The myth of Candyman (dare to say his name five times in front of a mirror) was born from a story by the British Clive Barker entitled The forbidden, later converted by the same writer into a short film of the same name, in 1978. But the urban legend immersed in its text did not become famous until Candyman, the domain of the mind (1992), a film by Bernard Rose with a reputation for remarkable —which for this critic is no more than discreet, despite its points of interest—, which amplified Barker’s horror tale and which led to two forgettable subsequent sequels.
But it is now, in 2021, when the most ambitious work on the figure arrives: candyman, to dry, sequel produced and co-written by Jordan Peele and directed by Nia DaCosta, who, like arrogance Let me out, takes advantage of the terror to take him to the terrain in which the director of Us: social activism, denouncing the situation of African Americans in the United States, and allegory about racism. Criticism of the system transcends fear: with the creation (and subsequent destruction) of ghettos by whites; with violent (and sometimes criminal) arrests by the police; and with the excesses of the executive and judicial powers.
Aware that the figure of the tall, lanky man in a long coat and a hook for an arm was not too scary even in the nineties, DaCosta – who will be in charge of Captain Marvel 2— it has almost completely removed its image and reduced its presence. Even in a good part of the crimes he has turned her into an invisible figure, which gives rise to much more impressive sequences in her staging, also helped by the world of contemporary art in which the main painter moves. Thus, along with the beautiful recreations with Chinese shadow shapes that recall Rose’s film, with which there is also a very ingenious fusion between the characters of one and the other, this candy man offers a rich catalog of framing, leisurely camera movements, architectural lines, and artistic sophistication.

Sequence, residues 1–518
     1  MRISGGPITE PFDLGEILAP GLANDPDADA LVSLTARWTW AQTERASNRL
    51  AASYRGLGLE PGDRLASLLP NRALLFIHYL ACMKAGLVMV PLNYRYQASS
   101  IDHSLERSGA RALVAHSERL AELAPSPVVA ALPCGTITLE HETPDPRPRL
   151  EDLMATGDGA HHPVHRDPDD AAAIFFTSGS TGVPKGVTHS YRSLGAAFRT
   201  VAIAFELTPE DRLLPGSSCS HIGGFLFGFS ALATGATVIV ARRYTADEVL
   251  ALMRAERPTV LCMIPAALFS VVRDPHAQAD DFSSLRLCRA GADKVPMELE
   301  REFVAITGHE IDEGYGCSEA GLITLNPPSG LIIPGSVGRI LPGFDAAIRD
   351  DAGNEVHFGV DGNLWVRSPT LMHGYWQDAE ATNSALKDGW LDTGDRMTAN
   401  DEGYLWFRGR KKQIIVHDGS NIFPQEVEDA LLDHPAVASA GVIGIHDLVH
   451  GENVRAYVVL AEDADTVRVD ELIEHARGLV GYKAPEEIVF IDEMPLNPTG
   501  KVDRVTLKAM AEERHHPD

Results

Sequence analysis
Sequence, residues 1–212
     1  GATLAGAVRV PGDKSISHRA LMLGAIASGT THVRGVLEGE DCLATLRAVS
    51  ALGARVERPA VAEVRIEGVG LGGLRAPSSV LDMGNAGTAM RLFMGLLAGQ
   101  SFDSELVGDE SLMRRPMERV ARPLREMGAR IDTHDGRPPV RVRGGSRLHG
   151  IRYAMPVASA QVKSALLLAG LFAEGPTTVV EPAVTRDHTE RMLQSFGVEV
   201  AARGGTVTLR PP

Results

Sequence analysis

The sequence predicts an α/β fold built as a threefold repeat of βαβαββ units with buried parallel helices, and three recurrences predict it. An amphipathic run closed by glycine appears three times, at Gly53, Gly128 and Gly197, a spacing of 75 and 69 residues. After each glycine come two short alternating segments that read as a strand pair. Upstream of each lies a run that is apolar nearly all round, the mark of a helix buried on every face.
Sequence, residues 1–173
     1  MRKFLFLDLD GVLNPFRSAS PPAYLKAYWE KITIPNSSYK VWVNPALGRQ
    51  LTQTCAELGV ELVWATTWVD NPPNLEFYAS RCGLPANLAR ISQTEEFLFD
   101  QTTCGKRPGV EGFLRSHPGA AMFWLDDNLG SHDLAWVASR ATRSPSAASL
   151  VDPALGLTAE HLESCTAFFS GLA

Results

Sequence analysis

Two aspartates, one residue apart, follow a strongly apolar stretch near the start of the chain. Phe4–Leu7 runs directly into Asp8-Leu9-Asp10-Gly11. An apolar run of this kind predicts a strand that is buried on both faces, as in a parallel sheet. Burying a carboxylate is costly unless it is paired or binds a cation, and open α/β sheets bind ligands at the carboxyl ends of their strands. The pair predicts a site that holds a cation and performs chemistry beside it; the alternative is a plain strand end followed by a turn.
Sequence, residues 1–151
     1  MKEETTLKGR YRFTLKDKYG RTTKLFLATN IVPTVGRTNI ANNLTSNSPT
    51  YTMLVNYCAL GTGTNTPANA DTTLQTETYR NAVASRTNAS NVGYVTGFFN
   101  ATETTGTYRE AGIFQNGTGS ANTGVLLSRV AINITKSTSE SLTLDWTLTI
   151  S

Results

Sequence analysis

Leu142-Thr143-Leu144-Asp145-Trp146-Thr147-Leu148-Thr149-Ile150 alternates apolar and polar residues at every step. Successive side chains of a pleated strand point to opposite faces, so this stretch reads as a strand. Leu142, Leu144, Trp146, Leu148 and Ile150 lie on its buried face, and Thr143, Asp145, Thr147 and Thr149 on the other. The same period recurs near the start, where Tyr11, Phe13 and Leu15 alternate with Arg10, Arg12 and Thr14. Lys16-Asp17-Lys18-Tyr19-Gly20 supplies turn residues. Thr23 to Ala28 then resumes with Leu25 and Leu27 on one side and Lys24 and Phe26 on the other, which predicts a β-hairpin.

The terror, present, of course, but never overwhelming, is thus veiled by the style and, above all, by the subtext: Candyman is not a bogeyman, but the way in which blacks, as individuals and as a community, cope current and past challenges in the #BlackLivesMatter era.